• Keenan Wellar

    I can’t believe there are not more comments on this excellent article. It’s one of the best I’ve seen covering issues of leadership, succession planning, boards, and staff. I particularly appreciate the clear distinction between “well-managed” versus leadership that prioritizes the mission and doing what is right.

    While I am in complete agreement with the importance of quality measurements and accountability in non-profit practice, we have lost sight of the reality that many a charitable organization has managed to accrue substantial funding but has drifted away from mission-oriented outcomes. It is not difficult to waste community resources in a well-managed way. In these times when “scarcity” conversations dominate the sector, we need to focus less on financial management issues (the answers is not to find cheaper pencils) and instead focus more on “whether an organization has optimized its mission or validated its strategies through close engagement and work with constituents—even if the effort means the organization must [LINK=http://j.mp/npospark]reinvent itself[/LINK] to do so.”

    We need to retake a healthy balance in the charitable sector and remember it is about identifying problems and creating social change to reduce or eliminate those problems. It is not about fussing with budget lines to satisfy abstract and ignorant conceptions of charitable organizations (such as demands for administrative costs to be at a certain level, regardless of the organization’s activities). Depending on the particular field, low administrative costs can indicate dereliction of duty. We must not compare apples and oranges as I have seen through the popularization of simplistic “charity ranking” tools. I could start a charity tomorrow and build it to get an “A” in those rankings without contributing anything to improving the community.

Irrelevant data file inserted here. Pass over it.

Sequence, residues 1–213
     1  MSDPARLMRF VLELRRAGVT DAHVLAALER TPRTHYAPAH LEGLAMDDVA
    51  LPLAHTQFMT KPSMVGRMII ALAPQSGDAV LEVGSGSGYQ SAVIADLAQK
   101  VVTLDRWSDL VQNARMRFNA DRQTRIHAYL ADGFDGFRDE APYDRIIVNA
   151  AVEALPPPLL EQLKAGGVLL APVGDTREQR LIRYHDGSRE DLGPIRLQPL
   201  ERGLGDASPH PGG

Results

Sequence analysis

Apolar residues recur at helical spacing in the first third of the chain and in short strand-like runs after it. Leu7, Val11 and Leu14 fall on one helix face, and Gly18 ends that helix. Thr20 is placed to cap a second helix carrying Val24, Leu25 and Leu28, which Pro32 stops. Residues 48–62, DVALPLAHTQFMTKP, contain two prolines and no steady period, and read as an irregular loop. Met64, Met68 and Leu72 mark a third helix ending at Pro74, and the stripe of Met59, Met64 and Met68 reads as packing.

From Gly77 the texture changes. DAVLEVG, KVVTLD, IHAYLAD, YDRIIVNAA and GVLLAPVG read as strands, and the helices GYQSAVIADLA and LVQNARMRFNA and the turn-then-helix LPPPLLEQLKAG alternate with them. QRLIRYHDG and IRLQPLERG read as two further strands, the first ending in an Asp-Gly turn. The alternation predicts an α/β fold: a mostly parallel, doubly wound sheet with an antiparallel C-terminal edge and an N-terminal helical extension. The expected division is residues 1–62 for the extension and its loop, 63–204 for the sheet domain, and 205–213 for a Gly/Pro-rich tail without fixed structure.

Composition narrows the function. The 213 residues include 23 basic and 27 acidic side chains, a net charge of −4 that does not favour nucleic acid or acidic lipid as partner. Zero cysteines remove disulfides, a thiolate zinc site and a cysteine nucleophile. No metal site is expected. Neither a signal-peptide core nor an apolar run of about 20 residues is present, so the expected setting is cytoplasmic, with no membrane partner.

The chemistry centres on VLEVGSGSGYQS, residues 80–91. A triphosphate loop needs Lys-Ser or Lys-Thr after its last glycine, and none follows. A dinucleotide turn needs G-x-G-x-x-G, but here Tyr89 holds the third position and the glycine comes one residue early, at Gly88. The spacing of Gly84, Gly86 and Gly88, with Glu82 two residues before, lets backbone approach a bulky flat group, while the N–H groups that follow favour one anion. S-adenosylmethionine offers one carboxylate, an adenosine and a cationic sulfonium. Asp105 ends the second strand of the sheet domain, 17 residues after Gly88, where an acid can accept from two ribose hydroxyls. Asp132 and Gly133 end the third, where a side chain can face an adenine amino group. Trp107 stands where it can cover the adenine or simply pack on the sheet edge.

We need to get a lot more assertive and a lot more confident in explaining that our work is not to “run it like a business.” You do not run a charity like a business any more than you run a business like a charity. Charities often must do what is financially inconvenient in order to do what is mission essential.

  • David Covey

    Interesting article, important to understanding how to keep your organization healthy.

  • Arnita Bryant

    I think that most articles written in Non Profit Quarterly is timely, informative, and outstanding because they get right to the point and also brings about a solutions that is workable immediately within the workforce.

    I give Non Profit Quarterly a 10 on a range from 1-10 and 10 being extremely outstanding material and written well.

    I agree with you Mr Covey

  • Marci Moore

    This is one of the best articles I’ve seen on board management of executive transitions in the nonprofit sector.

  • Judy Hansen

    Thank you for a very thoughtful article that addresses many of the challenging leadership issues faced by Boards and Executive Directors.